Cook stands firm for England in 100th Oval Test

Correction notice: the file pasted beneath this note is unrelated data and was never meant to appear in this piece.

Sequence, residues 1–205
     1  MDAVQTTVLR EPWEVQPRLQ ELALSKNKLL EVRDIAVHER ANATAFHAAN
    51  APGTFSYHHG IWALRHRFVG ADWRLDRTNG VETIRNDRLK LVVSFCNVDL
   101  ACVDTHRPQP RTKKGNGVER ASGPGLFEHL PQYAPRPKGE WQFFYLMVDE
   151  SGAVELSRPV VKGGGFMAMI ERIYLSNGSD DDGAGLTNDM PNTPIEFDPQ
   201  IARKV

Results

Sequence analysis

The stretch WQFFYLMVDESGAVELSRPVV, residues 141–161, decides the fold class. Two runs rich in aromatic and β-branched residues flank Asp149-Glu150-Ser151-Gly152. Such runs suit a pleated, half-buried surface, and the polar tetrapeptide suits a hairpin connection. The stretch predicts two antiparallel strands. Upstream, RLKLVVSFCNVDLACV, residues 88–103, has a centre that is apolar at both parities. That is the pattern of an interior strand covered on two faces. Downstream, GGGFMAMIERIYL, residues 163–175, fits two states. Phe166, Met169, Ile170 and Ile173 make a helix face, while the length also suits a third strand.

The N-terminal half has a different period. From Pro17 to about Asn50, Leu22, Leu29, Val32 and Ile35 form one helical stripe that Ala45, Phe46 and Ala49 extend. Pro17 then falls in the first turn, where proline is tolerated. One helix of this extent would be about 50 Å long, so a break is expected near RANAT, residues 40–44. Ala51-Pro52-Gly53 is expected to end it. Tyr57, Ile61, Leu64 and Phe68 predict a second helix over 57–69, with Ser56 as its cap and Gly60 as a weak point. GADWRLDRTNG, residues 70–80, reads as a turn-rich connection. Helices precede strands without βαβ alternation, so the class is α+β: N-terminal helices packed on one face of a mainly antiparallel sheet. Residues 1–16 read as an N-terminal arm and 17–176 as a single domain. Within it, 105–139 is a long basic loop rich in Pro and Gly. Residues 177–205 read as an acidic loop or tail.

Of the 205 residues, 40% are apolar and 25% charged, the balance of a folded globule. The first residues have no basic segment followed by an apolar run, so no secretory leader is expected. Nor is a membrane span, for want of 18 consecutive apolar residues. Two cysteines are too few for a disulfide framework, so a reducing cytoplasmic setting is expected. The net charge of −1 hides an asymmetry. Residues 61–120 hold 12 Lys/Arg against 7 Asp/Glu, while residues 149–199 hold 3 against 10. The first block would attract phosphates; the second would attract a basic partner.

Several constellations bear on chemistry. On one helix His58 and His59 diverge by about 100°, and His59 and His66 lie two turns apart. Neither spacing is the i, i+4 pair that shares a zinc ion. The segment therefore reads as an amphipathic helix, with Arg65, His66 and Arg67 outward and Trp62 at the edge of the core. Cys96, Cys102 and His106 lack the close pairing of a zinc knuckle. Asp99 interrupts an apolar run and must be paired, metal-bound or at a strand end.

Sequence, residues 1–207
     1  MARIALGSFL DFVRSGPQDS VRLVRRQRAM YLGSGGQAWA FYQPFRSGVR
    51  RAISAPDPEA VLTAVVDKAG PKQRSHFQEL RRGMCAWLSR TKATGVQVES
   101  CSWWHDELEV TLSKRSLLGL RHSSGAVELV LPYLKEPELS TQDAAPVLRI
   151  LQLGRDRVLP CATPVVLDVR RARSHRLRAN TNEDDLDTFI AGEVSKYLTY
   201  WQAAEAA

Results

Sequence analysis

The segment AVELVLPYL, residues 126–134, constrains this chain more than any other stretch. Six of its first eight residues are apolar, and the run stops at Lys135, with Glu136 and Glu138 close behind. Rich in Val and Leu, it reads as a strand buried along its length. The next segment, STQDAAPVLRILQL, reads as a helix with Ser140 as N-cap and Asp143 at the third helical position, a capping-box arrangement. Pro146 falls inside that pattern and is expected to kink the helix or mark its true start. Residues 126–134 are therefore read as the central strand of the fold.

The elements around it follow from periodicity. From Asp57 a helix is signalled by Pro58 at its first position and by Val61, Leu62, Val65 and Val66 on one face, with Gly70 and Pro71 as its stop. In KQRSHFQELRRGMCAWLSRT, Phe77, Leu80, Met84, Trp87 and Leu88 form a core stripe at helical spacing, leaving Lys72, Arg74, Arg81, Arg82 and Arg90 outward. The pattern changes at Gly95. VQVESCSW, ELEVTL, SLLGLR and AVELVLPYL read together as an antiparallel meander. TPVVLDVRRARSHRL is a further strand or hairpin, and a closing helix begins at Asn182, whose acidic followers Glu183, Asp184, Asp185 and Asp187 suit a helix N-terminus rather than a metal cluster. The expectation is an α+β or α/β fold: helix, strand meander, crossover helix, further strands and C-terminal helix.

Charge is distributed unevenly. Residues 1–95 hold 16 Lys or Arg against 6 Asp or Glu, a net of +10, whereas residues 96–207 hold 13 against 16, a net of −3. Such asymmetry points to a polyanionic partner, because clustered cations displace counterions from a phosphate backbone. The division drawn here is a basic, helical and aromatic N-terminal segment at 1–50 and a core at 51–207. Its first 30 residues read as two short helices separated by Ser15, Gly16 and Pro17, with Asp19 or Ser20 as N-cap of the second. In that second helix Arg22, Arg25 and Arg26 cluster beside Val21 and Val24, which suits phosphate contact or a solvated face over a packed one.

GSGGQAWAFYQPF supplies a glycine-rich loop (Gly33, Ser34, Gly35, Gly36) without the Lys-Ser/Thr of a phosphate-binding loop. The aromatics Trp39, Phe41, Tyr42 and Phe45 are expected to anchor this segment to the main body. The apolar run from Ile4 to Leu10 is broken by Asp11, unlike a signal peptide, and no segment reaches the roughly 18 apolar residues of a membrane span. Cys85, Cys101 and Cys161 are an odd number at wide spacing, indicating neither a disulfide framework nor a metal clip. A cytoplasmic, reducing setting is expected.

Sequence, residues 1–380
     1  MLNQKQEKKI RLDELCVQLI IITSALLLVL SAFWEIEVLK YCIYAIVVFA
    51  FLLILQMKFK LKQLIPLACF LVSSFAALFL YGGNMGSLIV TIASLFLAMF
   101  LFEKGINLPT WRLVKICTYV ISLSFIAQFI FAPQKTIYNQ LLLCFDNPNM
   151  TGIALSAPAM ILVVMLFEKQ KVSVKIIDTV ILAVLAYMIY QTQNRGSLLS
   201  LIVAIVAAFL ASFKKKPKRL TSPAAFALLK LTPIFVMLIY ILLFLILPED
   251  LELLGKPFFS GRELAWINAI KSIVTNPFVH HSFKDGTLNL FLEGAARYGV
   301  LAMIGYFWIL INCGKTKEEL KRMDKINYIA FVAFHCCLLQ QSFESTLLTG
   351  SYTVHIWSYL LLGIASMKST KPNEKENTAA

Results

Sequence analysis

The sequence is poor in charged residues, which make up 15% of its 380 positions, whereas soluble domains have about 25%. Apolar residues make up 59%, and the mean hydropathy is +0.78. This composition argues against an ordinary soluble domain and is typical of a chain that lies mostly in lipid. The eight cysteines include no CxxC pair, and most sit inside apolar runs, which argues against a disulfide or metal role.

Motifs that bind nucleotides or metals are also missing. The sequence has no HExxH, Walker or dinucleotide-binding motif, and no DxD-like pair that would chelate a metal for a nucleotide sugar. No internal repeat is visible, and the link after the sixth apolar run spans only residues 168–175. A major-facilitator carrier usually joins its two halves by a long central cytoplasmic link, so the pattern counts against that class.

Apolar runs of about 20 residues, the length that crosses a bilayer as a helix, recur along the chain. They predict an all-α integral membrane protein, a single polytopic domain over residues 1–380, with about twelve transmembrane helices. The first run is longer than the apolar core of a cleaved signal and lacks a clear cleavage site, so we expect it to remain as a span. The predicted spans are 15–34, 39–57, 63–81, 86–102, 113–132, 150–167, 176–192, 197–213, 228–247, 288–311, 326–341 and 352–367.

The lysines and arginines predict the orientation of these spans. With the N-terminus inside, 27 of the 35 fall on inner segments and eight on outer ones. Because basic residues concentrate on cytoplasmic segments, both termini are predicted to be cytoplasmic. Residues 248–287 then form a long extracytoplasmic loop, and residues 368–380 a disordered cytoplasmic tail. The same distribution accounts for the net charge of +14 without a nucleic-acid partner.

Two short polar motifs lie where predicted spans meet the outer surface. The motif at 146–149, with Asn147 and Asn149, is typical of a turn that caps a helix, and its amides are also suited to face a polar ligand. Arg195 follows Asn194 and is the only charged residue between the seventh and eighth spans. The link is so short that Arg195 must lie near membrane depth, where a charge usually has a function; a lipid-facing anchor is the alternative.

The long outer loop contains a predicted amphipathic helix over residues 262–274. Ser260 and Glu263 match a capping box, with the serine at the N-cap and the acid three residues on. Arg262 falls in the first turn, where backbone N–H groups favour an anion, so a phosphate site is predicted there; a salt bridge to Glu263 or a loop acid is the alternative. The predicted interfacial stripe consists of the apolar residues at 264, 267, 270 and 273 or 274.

first_imgLONDON, England (Reuters) – Alastair Cook ensured a quality launch to The Oval’s 100th Test with an innings of familiar patience and defiance that guided England to 171 for four against South Africa on an absorbing but rain-disrupted opening day of the third Test yesterday.Former captain Cook stood firm as the historic occasion was frustratingly interrupted by four stoppages, resisting throughout the day to finish unbeaten on 82 as wickets tumbled around him.The 32-year-old negotiated a demanding examination from a South African pace attack inspired particularly by two-wicket Vernon Philander, who also spent 50 minutes off the field with a stomach upset, to close in on a 31st Test hundred.With the four-Test series locked at 1-1, the visitors made light of losing the toss with Cook, who survived 178 balls, and Philander, who had excellent figures of 2-17 from 12 overs, proving the central figures.Electing to bat, England captain Joe Root gave his predecessor Cook the chance to impress again in the landmark Test at the south London venue which has become one of cricket’s most historic grounds over 137 years.The Oval joined another London venue Lord’s and Australia’s Melbourne and Sydney Cricket Grounds in hosting a century of Tests.In a new-look England side, featuring three new caps, batsmen Tom Westley and Dawid Malan and seamer Toby Roland-Jones, it was old stager Cook who summoned all his skill and resolve to anchor the innings in conditions assisting the Proteas’ pacemen.In an awkward morning session in overcast conditions and with a green tinge to the pitch, South Africa’s attack did not initially pose the menace they had shown in their 340-run victory at Trent Bridge, which levelled the seriesCAPABLE SUPPORTCook was given capable support by Essex county colleague Westley in a half-century stand before lunch but the newcomer departed for 25 straight after the resumption, pushing hard at Chris Morris to edge to second slip.Westley had impressed after Keaton Jennings was again found wanting, prodding tentatively at Philander to be caught at third slip for a duck in the fourth over.Cook, on 28, survived an lbw review, the faintest of inside edges off Morris sparing him, but otherwise looked his usual model of serenity as he made it to an early lunch, after two rain stoppages, on 34, with England 62 for one.The South Africans imposed more pressure on the resumption with Philander dismissing the dangerous-looking Root for 29, thanks to a dazzling, diving one-handed catch from wicketkeeper Quinton de Kock.Kagiso Rabada, back in the team after suspension, then sent debutant Malan packing for one with a lovely inswinging yorker.Still, though, Cook ploughed on after another rain break, maintaining his focus to bring up his half-century off 128 balls with a handsome cut for four off Philander.Tea was taken early at 149 for four after another stoppage and though Cook and Ben Stokes repaired some of the damage with an unbroken 51-run partnership for the fifth wicket, a fascinating day’s play ended up being truncated by another downpour.ENGLAND 1st inningsA. Cook not out 82K. Jennings c Elgar b Philander 0T. Westley c du Plessis b Morris 25J. Root c de Kock b Philander 29D. Malan b Rabada 1B. Stokes not out 21Extras: (b-7, lb-3, w-3) 13Total: (for 4 wickets, 59 overs) 171Fall of wickets: 1-12, 2-64, 3-113, 4-120.Bowling: M. Morkel 16-4-48-0, V. Philander 12-5-17-2 (w-1), K. Rabada 13-4-32-1, K. Maharaj 7-1-16-0, C. Morris 11-1-48-1 (w-2).last_img read more